People who run workshops LOVE post-its. The first reason for this is it forces participants to distill their thoughts into short sentences — whilst breaking things down into their component parts. They’re also throw away enough so that people don’t worry about putting their wildest thoughts on them — even if they’re discarded immediately.

The second reason is that they are fantastically good at showing people the progress you’ve made as a group. This is important as most people struggle to hold lots of complex information in their head at once. If they can see things represented as a set of post its, then they will be able to ask questions of different stages.

From a recent workshop with a University and Research charity…There’s a reason that agencies are filled with post-it wielding maniacs — they really do help represent even the most complex of journeys or products

Give people a chance to reflect

Once you’ve got your post its on a wall, allow time for everyone to explore them and set time aside to come back to revisit the conclusions which are drawn. This can often be the hardest part of a session as you’ll have been working hard and people will be keen for everything to finish up. It’s crucial for getting solutions that really pull in all the points of view.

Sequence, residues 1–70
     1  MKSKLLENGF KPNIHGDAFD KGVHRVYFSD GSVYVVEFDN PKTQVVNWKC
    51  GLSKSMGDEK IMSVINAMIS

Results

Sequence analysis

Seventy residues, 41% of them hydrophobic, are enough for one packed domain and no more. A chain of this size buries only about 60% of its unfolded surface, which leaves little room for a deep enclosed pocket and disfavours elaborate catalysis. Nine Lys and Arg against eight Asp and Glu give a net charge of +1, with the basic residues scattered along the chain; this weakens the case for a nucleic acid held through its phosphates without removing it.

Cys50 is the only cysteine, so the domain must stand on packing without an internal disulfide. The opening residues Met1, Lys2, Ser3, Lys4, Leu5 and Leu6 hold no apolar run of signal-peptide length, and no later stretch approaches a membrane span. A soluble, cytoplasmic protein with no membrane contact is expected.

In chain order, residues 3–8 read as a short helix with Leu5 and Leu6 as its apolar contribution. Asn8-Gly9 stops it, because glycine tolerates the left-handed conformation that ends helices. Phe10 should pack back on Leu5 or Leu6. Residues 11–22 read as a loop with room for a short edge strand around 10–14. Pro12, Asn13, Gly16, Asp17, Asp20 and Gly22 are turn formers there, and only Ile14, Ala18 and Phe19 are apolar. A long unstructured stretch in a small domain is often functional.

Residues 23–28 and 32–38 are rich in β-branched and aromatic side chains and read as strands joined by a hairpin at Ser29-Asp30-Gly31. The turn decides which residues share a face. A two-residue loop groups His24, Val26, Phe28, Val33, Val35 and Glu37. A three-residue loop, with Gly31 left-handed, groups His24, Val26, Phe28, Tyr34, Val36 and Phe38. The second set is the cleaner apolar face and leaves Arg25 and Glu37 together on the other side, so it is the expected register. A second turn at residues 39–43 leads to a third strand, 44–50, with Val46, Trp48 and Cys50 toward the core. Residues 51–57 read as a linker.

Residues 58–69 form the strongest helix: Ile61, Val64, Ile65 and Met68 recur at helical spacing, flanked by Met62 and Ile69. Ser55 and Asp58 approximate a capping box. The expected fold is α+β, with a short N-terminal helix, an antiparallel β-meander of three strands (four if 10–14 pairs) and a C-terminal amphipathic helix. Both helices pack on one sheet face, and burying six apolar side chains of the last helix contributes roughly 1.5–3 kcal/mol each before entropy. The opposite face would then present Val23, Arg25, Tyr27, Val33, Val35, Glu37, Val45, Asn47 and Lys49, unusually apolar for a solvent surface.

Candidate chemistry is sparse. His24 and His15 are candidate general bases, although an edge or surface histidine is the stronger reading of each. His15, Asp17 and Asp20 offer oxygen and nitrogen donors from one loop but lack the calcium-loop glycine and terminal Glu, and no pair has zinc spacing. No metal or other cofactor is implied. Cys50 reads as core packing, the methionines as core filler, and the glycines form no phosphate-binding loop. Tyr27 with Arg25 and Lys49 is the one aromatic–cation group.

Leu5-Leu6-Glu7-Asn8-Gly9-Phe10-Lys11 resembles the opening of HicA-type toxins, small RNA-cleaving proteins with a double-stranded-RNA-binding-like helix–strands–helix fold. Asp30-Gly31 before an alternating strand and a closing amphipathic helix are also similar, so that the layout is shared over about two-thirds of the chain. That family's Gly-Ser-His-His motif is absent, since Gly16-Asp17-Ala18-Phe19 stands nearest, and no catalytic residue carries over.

Don’t be afraid of silence

If you’re visually representing conversations and facilitating group discussions, there will naturally be a pause in the session. It will feel as if all the ideas have been generated and it will feel awkward. Your instinct will be to move things on. Resist this urge if you can. There is always one more idea to be found in this no man’s land of British embarrassment.

Build relationships before the session and in the breaks

From the second people start arriving, you should be trying to build a relationship with them. It’ll feel odd as you’ll no doubt do introductions as part of the agenda, but introduce yourself and start understanding individuals’ perspectives straight away. This will only help with the session as you move forward. If you need to nip to the loo or get a drink of water, make sure you do it in plenty of time so that you are in the room 10 minutes before the session starts for these little chats.

It’ll feel like small talk at times, but what you’re really doing is building trust between you and hopefully making people feel comfortable.